Through surveys, Disney has discovered that guests are often excited once they enter a park, are thrilled when riding Space Mountain, and are exhausted from walking at the end of a long day.

Knowing how customers feel means that Disney can promote the thrills of their biggest attractions, offer plenty of places for people to sit down and rest, and ensure that cast members welcome guests enthusiastically the moment they enter a park.

Be Our Guest Key Idea #7: Disney designed three different solutions addressing the various issues of waiting in lines.

No matter how thrilling a theme park may be, people hate having to spend ages waiting in line to experience a ride or show.

Disney understands this inherently and has developed solutions to deal with extended waiting times.

The first solution is to optimize the operation of product and service processes. This involves managing facilities in ways that minimize wait time; for example, a park could open facilities earlier or later than usual, or open some services only for a select group of customers.

Disney designed a program called Extra Magic Hours, in which every day, one of the four areas in the theme park opens one hour earlier and closes up to three hours later than other areas. What’s more, the park limits Extra Magic Hours to guests who are staying at Disney resorts on the property.

A second solution to curbing waiting times is to optimize the guest flow.

Disney lets guests explore theme parks at their leisure and according to their own whims. This way, guests can themselves choose how much time they want to spend at each attraction.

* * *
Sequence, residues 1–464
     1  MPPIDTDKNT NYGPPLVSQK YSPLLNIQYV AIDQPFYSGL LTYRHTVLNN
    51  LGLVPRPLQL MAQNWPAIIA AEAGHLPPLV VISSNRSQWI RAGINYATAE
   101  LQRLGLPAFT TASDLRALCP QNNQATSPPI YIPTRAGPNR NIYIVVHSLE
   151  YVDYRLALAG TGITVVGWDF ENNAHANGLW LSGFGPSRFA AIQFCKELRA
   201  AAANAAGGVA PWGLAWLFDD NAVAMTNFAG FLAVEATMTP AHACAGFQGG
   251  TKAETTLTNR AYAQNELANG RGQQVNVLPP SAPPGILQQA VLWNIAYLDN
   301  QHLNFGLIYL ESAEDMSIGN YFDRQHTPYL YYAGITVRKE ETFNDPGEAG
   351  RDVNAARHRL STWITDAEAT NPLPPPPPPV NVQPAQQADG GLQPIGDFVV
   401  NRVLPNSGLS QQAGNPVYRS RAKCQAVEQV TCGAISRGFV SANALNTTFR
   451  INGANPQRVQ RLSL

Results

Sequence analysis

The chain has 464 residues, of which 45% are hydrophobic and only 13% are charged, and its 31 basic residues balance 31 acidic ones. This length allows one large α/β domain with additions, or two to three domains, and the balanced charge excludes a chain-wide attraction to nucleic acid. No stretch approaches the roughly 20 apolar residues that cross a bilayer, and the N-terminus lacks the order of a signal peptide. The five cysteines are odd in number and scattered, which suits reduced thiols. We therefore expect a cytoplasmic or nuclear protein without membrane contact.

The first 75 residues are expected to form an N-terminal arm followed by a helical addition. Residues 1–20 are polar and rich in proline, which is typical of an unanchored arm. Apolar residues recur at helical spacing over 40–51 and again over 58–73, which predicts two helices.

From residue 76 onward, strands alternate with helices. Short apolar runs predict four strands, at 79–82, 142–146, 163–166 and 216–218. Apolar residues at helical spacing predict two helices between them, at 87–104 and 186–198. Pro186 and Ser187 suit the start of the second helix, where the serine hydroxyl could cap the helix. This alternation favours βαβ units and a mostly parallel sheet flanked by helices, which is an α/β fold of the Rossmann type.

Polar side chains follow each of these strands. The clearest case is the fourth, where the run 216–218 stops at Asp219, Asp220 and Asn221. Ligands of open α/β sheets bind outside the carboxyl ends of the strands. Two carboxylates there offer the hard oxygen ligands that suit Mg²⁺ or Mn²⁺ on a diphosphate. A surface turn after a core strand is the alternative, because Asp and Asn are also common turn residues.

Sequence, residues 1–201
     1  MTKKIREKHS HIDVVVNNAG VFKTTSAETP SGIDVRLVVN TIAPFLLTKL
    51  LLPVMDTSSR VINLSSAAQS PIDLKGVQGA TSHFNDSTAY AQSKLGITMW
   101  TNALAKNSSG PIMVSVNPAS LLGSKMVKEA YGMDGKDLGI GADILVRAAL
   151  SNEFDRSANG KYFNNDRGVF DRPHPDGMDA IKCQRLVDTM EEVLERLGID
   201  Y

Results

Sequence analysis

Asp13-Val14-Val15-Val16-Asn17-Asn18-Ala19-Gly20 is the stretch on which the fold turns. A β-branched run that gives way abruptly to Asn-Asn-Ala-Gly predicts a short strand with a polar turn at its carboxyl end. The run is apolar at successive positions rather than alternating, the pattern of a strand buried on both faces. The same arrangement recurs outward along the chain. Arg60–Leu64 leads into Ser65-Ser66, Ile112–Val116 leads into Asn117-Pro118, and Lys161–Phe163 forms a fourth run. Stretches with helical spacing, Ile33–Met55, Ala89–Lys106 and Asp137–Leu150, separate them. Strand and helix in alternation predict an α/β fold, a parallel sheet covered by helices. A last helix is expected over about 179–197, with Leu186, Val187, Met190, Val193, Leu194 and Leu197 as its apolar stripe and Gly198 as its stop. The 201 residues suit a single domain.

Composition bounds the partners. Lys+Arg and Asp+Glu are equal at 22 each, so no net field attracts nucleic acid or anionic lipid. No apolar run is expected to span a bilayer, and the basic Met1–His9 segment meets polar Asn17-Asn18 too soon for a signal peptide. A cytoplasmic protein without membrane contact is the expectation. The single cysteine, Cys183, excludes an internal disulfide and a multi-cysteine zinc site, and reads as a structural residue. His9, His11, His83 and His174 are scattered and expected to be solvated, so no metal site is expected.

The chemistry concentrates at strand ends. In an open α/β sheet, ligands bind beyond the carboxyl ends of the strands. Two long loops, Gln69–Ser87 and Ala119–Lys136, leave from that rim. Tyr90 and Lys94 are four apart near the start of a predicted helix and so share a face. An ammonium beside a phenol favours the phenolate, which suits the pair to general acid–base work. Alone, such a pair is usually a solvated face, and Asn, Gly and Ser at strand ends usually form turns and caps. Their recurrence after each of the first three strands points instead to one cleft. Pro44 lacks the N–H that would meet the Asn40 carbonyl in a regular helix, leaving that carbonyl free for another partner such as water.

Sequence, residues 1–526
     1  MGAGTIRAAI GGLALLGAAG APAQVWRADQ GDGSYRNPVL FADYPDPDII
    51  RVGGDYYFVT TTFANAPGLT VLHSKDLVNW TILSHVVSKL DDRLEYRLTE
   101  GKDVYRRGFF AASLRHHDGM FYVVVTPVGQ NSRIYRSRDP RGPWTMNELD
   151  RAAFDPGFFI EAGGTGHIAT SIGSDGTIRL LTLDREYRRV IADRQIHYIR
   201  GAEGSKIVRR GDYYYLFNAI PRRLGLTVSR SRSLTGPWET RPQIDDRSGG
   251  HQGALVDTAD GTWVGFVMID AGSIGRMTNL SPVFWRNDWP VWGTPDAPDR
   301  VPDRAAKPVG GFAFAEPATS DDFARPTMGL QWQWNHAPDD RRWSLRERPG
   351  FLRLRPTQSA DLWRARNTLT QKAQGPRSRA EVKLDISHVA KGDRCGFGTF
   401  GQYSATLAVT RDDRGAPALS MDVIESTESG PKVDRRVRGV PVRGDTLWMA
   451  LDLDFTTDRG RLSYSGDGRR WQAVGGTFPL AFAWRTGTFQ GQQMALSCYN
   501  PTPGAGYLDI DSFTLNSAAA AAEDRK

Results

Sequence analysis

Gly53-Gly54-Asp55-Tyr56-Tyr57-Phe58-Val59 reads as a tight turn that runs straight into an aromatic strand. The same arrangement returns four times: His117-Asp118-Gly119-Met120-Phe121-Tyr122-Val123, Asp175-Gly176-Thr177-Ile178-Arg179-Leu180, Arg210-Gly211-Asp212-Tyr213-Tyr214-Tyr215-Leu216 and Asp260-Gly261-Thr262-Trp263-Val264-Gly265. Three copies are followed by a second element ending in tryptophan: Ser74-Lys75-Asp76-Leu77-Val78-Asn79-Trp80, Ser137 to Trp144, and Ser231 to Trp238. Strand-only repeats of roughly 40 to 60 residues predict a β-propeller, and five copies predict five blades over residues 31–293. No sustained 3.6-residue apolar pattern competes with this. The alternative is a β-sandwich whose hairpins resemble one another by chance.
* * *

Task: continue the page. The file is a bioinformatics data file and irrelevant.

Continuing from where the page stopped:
To help guests manage their day, Disney sets up a tip board at central locations, listing the major attractions and the corresponding wait time for each. Importantly, the display shows slightly exaggerated wait times, the rationale being that a shorter-than-expected wait is preferable to a longer-than-expected one.

A third solution Disney recommends is to optimize the queue experience.

No theme park can do away with wait times altogether. So making sure time spent waiting in line is as enjoyable as possible is essential. Disney offers pre-entertainment to guests waiting in certain lines.

For example, at Jim Henson’s Muppet Vision 3D show, guests are entertained by a 12-minute pre-show and can watch the antics of various Muppet characters on a bank of television monitors.

In Review: Be Our Guest Book Summary

The key message in this book:

Building and maintaining a successful business involves paying close attention to customer behavior and acting on their needs and wants. This will ensure your company frequently exceeds customers’ expectations and keeps service standards high.

Actionable advice:

Be the customer.

Gain a better understanding of the customer experience by asking yourself exactly what a customer pays attention to when she is in your company space. What does she see, hear, smell, touch and taste? How can you use this information to not only satisfy a customer, but also delight her?